Firstly, huge kudos to John on his magnificent run at the WPT Championship. I know John will be gutted, but he can take great pride from such a brilliant performance.
With John's drive and talent, it's only a matter of time before he scoops a major title on the world stage.
The Celtic Poker Tour grand final had a €1,100 buy-in and 130 starters, with a 20,000 starting stack and one hour clock. For the top players in the country there is no greater value event on the poker calendar.
As I write this, it's down to four players including Dara, Jason Tompkins and Sean Prenderville with Donal O'Connor finishing an unlucky seventh. I think any knowledgeable person looking at the line-up would have the four lads in there top ten to run deep.
The CPT is more or less a rural tour and has a big following of a similar demographic, who more or less play the same style. Basically plenty of limp calling and never folding top pair.
The early levels were a bit of a minefield. Every open got 4/5 callers and every limper is calling 100% of their limp range. This is fine when you're hitting flops but if you're not, the best policy is probably giving up. The early levels here are about getting value from your made hands, I feel bluffing is not wise.
Couldn't get anything going until level three, where I picked up a good pot when I raised A6 and hit top two and another with the bullets.
Was cruising along nicely with 45k, when I get QQ in the small blind. Short stack pushed for 1600 and he was min raised from mid-position. I was fairly sure the raiser had a big hand, so I gave him a bit of talk about how his kings were in big trouble. His reaction confirmed to me that I was right.
I probably should have just folded the Queens, as I wasn't getting the odds to mine for his 23k, I just didn't want to and hit a Q33 flop. The other player had 5k left by the time the river King hit. I was so sure of his hand that I actually check called the 5k reluctantly into the 40k pot.
Had the king not hit, I'd have been on 70k with two hours play left, the chip lead at the end of play for the day was under 80k.
I buckled down for the rest of the day and managed to finish on 34k ahead of the average.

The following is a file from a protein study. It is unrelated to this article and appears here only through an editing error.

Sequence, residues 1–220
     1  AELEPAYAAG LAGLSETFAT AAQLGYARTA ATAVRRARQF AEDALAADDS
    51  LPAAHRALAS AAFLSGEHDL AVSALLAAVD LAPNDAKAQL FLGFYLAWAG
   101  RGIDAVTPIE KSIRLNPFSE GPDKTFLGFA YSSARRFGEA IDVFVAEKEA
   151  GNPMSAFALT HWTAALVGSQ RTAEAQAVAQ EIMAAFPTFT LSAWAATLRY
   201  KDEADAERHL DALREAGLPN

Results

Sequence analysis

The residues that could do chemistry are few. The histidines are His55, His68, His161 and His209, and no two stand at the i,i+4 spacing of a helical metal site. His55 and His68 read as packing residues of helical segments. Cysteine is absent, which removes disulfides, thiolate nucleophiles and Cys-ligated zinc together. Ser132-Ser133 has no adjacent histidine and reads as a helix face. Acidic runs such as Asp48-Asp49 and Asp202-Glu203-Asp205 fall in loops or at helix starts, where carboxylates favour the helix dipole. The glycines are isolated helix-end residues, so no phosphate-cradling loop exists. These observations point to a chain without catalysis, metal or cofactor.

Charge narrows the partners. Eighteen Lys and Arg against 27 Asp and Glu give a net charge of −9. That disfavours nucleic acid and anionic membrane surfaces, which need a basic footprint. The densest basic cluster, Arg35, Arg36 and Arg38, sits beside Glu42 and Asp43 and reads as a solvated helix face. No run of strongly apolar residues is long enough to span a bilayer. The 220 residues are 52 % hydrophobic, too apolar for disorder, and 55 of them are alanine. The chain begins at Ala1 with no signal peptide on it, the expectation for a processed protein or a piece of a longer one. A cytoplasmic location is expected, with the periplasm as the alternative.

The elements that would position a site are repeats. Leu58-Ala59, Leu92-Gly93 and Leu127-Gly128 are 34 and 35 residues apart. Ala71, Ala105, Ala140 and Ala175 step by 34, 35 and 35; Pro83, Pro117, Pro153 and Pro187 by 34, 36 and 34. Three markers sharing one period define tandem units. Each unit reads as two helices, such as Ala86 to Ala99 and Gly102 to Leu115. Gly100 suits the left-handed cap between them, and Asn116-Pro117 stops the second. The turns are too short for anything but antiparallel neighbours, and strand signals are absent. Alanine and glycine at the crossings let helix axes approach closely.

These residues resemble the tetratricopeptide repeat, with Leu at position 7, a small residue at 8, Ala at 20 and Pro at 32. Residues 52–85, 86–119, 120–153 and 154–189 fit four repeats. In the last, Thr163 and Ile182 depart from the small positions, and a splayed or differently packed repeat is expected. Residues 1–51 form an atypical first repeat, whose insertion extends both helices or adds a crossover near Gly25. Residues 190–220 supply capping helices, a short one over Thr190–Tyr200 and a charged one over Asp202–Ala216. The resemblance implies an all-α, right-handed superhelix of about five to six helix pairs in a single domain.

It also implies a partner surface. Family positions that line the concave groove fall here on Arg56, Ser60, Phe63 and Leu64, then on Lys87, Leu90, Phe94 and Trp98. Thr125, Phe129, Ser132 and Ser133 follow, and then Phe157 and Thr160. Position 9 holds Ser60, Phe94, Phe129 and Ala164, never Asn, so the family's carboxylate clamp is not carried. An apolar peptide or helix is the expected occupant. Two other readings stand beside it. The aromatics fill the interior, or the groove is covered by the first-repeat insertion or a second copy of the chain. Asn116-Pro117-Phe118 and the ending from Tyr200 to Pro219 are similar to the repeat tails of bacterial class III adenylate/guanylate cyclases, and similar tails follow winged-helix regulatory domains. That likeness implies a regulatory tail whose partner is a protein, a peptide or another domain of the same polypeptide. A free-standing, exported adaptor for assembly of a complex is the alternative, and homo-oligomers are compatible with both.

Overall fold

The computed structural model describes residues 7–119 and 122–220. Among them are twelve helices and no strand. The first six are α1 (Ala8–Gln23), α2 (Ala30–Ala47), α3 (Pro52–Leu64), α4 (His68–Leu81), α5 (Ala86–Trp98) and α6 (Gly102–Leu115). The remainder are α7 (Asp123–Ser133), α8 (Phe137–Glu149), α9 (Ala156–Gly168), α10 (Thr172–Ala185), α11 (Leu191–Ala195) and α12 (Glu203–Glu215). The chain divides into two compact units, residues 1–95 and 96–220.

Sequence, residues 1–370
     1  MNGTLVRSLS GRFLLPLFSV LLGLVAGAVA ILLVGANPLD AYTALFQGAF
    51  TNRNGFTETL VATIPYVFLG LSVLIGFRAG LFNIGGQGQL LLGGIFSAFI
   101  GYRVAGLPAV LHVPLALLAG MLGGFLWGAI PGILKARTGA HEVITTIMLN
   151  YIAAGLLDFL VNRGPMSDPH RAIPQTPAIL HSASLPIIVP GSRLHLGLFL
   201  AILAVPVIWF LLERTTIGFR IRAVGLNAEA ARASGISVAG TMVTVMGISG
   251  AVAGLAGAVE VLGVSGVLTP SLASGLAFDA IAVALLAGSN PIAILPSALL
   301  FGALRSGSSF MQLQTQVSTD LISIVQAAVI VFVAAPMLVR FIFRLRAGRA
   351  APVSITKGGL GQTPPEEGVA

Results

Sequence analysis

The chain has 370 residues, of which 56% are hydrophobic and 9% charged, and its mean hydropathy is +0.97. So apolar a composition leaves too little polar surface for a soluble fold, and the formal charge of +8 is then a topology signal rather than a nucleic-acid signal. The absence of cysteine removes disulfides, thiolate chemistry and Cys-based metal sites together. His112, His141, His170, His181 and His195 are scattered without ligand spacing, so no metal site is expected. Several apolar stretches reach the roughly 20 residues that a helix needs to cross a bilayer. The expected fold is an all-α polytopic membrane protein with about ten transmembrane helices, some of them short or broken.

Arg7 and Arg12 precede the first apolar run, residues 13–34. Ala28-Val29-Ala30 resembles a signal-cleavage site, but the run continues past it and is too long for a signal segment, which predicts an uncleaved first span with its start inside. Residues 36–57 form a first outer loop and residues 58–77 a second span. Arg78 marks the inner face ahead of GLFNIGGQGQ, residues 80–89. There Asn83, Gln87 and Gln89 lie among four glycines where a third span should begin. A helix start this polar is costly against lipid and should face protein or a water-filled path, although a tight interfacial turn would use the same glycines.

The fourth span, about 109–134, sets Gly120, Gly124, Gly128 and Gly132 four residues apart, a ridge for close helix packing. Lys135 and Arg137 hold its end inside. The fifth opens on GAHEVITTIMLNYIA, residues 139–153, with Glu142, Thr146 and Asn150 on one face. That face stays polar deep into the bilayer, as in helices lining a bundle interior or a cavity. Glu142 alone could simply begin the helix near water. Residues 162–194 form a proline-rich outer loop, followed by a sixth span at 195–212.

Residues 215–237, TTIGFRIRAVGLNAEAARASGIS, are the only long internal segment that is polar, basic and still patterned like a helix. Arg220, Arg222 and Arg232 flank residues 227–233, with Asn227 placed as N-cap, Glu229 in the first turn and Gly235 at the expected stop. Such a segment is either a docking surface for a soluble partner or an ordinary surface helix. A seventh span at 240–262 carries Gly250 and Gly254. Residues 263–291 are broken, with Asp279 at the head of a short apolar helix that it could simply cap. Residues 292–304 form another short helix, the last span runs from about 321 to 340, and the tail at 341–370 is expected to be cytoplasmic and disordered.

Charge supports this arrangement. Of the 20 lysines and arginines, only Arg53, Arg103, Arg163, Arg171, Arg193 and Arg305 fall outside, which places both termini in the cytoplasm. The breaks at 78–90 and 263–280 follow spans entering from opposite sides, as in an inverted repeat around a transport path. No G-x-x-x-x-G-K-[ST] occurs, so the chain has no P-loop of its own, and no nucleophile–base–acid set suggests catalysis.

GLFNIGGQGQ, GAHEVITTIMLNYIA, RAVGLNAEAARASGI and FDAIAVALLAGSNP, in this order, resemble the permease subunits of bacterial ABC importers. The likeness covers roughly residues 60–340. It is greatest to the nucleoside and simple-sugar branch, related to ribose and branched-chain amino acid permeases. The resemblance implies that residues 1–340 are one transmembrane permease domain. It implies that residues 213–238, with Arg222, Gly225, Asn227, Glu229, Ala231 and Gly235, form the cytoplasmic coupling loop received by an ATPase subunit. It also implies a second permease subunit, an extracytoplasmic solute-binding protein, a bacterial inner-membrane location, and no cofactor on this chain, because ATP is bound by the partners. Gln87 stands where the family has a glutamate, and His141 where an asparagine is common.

I had a great table but unfortunately it broke early on day two. My new table was harder with Sean Prenderville, Donal O'Connor and Bops on it.
Third or fourth hand on the table, I four bet Sean light. My following button I opened KdQd and Sean 3-bet me again from the BB. I peeled a low flop and floated his C-bet. My plan was going fine when he checked the turn but became unhinged when he shoved over my bet.
Gutsy move with the A8, for ace high which he showed, I would have called very light, just not K high light (just see result now and Sean went onto win it so at least the chips were put to good use).
This dropped me just under the starting stack, which was decimated further in a race AK v 99. I wilted away soon after.
I enjoyed the event; it was well run with a great structure and good atmosphere.
With a third of the year over my results have been woeful. I suppose I should be a bit worried about this, but I'm not. I've really only played a hand full of tournaments this year. I have a decent understanding of what variance can do to you from my STT days and I'm not panicking just yet.
I'm actually in a very positive place with the game mentally. I've been playing a bit more the last few weeks and I'm really enjoying playing. If I'm honest my enthusiasm for the game had weaned seriously for about a six months period.
I can't put my finger on the reason for the inertia in that period. I guess it's just a natural cycle. When you've spent as much time doing anything, as I have playing poker over the past five years, there's bound to be a flat spot. I'm just very happy to be hungry to play and still enjoying it.